‘Timing is everything’
In some cases, though, working women simply are choosing to stay near their families rather than spend part of the year in Harrisburg.
That was a key factor in Wilson’s decision not to seek state office this year, although some lobbied for her to run.
With a full-time job, her City Council post and three children at home, Wilson said she “couldn’t see myself serving the people of this district and my family.
“There’s a part of me that would have loved to run,” she said. “Timing is everything, and I had to make a decision. It is not a 9-to-5 job.”
Wagner said that is a common sentiment among women, who sometimes wait until their children have grown before entering politics.
That is a highly personal decision, but it also can damage a lawmaker’s chance at gaining seniority and influence.
“With women, you see very few who are doing this at an early stage in their careers,” Wagner said, adding that she agrees that a legislator’s obligations are unpredictable.
“You never know when your schedule’s changing,” she said. “You never know where you’re going to be in Harrisburg, especially during budget season.”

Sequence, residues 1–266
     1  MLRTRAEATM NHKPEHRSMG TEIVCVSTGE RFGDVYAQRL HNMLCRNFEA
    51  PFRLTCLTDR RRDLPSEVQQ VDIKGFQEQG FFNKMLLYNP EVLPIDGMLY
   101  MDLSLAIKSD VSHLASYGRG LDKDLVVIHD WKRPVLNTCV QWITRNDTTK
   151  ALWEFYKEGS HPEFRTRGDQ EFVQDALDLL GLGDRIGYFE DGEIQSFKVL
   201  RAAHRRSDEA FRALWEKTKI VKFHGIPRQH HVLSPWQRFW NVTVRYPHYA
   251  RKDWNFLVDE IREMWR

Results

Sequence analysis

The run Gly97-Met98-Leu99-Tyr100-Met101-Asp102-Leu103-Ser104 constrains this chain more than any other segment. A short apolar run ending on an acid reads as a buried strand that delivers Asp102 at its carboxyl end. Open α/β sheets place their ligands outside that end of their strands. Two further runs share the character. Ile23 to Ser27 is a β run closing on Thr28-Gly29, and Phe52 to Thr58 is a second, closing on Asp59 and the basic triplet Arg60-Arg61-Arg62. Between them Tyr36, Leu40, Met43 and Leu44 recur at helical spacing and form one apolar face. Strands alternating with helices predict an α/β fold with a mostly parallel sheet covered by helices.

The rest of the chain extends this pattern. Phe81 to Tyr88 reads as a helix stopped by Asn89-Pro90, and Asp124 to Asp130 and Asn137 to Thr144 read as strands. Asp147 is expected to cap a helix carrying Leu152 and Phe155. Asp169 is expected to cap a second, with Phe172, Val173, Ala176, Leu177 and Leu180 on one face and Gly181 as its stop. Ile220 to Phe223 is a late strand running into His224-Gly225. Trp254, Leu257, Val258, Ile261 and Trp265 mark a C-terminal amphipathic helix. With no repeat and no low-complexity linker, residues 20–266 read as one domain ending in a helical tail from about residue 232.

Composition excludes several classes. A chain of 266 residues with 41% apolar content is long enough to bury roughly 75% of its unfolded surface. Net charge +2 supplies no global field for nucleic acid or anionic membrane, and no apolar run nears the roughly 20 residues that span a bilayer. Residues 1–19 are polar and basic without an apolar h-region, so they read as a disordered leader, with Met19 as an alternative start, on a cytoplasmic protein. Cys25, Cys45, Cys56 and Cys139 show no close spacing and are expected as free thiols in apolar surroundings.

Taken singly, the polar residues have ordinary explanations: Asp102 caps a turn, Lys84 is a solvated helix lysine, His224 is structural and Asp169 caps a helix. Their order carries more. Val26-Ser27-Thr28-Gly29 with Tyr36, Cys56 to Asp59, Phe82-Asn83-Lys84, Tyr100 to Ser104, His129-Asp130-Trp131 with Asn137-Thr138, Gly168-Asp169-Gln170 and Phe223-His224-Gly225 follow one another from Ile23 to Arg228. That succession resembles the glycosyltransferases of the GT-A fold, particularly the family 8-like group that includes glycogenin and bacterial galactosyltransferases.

Uncertainty regarding legislative work hours and travel will not change.
But some are hoping to encourage more women to run by offering programs designed to alleviate uncertainty about politics.
Too often, advocates say, women “wait to be asked” to run for office rather than volunteering. Wilson said she is frustrated that, when it comes to politics, many women don’t seem to believe in their own abilities.
“The smartest women I meet will tell me they don’t know enough to run for school board,” she said.
A GOP-affiliated effort, dubbed the Anne Anstine Excellence in Public Service Series, is aimed at increasing “the number and influence of Pennsylvania’s Republican women in government and politics,” according to its Web site.